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Semiclassical Transition Probabilities (S Matrix) of Vibrational—Translational Energy Transfer
1.(a) R. A. Marcus, Chem. Phys. Letters 7, 525 (1970);
1.cf. Proc. Conf. Potential Energy Surfaces Chem., University of California, Santa Cruz, California, 1970, 58 (1971).
1.(b) R. A. Marcus, J. Chem. Phys. 54, 3965 (1971).
2.J. N. L. Connor and R. A. Marcus, J. Chem. Phys. 55, 5636 (1971).
3.(a) W. H. Miller, J. Chem. Phys. 53, 1949 (1970);
3.W. H. Miller, (b) 53, 3578 (1970); , J. Chem. Phys.
3.W. H. Miller, (c) Chem. Phys. Letters 7, 431 (1970);
3.(d) J. Chem. Phys. 54, 5386 (1971).
4.Other examples of recent semiclassical work include (a) R. D. Levine and B. R. Johnson, Chem. Phys. Letters 7, 404 (1970);
4.R. D. Levine and B. R. Johnson, 8, 501 (1971), , Chem. Phys. Lett.
4.which also contain an approximate integral expression for the S‐matrix elements; (b) P. Pechukas, Phys. Rev. 181, 166, 174 (1969);
4.(c) I. L. Beigman, L. A. Varnshtein, and I. I. Sobel’man, Zh. Eksp. Teor. Fiz. 57, 1703 (1969)
4.[I. L. Beigman, L. A. Varnshtein, and I. I. Sobel’man, Sov. Phys. JETP 30, 920 (1970)];
4.(d) I. C. Percival and D. Richards, J. Phys. B 3, 315, 1035 (1970).
5.W. H. Wong and R. A. Marcus (unpublished data).
6.R. A. Marcus gives two alternative approximations, of which the one leading to Eq. (3.10) there is the present method (a). (Note: is denoted there by and the given later in Eq. (9a) is denoted there by ). Method (b), which does not employ either of the above approximations, is given in R. A. Marcus, (unpublished). Also derived there are Eqs. (7.7)–(7.9), which are the same as the present (9a), (9b), and (11).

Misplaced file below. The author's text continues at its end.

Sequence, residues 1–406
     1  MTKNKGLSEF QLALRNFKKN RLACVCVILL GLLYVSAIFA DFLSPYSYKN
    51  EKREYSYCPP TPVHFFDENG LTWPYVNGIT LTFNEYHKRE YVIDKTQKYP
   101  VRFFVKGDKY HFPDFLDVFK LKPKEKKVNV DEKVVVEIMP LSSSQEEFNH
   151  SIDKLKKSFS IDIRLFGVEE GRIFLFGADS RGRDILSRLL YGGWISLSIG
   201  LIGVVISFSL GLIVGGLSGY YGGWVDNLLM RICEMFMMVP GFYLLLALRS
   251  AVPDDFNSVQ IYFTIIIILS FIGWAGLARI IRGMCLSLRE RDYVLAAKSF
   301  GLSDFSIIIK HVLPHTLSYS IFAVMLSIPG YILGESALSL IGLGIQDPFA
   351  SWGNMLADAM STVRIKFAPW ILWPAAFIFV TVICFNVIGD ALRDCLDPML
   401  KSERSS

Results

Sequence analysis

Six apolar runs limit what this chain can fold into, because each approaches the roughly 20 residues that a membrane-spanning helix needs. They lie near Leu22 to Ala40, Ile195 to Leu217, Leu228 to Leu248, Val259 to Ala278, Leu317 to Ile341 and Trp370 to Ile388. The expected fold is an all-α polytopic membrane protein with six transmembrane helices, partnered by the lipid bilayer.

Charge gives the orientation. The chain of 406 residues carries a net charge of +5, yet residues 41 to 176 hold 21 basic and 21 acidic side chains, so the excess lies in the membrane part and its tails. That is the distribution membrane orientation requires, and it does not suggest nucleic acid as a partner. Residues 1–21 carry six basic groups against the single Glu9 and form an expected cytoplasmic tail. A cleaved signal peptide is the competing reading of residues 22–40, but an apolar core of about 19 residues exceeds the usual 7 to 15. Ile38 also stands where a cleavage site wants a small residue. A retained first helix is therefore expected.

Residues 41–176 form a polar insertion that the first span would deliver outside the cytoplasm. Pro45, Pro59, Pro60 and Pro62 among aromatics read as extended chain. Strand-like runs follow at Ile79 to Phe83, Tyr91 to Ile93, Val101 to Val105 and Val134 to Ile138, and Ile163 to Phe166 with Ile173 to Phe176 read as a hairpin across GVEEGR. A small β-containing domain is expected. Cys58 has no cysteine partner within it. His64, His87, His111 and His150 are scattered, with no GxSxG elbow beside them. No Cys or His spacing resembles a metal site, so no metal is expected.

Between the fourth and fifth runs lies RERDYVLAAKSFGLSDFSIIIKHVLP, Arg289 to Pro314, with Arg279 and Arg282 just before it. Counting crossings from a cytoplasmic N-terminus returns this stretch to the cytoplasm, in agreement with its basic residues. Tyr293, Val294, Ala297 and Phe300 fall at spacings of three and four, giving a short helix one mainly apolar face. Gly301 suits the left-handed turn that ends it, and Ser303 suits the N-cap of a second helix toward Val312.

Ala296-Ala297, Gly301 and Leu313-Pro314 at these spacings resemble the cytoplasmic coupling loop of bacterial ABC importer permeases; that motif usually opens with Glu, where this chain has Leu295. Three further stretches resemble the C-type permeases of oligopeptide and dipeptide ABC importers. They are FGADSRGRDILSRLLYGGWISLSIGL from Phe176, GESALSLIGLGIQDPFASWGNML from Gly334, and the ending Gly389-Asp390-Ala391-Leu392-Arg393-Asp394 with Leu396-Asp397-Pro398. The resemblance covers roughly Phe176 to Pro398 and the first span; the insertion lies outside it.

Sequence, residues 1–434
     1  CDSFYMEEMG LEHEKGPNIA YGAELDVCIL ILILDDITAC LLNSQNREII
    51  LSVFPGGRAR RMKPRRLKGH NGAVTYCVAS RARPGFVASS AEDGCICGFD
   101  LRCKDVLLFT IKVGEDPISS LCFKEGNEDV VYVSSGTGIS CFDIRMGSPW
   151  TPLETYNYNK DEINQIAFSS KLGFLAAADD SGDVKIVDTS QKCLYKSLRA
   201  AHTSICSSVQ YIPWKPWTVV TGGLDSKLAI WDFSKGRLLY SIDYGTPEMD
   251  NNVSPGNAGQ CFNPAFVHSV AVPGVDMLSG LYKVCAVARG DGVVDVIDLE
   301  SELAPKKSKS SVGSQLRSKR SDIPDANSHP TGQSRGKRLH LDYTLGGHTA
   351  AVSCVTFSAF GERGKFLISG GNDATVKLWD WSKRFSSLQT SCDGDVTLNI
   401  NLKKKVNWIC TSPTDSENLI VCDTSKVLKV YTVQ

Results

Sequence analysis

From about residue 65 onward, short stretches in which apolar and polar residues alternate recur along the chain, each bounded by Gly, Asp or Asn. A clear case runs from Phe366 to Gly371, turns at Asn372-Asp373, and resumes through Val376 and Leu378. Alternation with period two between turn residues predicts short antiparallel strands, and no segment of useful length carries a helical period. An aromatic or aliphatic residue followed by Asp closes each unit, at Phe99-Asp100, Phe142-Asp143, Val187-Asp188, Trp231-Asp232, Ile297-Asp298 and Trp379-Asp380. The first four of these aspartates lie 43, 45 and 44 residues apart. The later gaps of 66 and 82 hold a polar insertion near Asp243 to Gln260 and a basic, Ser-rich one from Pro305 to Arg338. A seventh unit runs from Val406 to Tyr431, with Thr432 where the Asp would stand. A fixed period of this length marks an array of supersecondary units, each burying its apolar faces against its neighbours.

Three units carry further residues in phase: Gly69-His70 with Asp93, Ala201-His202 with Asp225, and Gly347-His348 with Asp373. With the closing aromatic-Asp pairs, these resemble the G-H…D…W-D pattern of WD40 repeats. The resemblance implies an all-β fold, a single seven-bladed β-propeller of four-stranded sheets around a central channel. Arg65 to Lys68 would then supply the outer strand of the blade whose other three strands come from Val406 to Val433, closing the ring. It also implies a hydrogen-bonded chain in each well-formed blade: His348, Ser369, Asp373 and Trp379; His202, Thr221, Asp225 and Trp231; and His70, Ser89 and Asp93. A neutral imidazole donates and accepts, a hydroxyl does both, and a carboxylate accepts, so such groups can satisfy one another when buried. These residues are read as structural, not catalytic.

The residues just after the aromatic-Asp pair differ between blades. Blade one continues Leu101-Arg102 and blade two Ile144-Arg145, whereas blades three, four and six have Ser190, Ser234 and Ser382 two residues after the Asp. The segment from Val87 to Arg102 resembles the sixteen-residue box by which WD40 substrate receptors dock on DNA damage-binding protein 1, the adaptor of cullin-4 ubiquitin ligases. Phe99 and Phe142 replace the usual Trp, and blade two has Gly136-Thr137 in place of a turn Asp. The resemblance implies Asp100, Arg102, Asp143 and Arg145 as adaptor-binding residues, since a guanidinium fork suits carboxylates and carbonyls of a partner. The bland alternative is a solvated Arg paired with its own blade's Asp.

7.J. Stine, W. H. Wong, and R. A. Marcus (unpublished).
8.D. Secrest and B. R. Johnson, J. Chem. Phys. 45, 4556 (1966).
9.H. Goldstein, Classical Mechanics (Addison‐Wesley, Reading, Mass., 1957), Chap. 8 and 9.
10.R. Schiller, Phys. Rev. 125, 1109 (1962).
11.M. Born, The Mechanics of the Atom (Bell and Sons, London, 1960), Chap. 1.
12.For some conditions, though not those in Tables I and II, it would be necessary to solve Hamilton’s equations in Cartesian coordinates, Q and R, and then transform the results to those in terms of w and R. Such a step is needed whenever n̄ becomes too near zero during a trajectory, for then w becomes inaccurate.
13.M. Attermeyer and R. A. Marcus, J. Chem. Phys. 52, 393 (1970).
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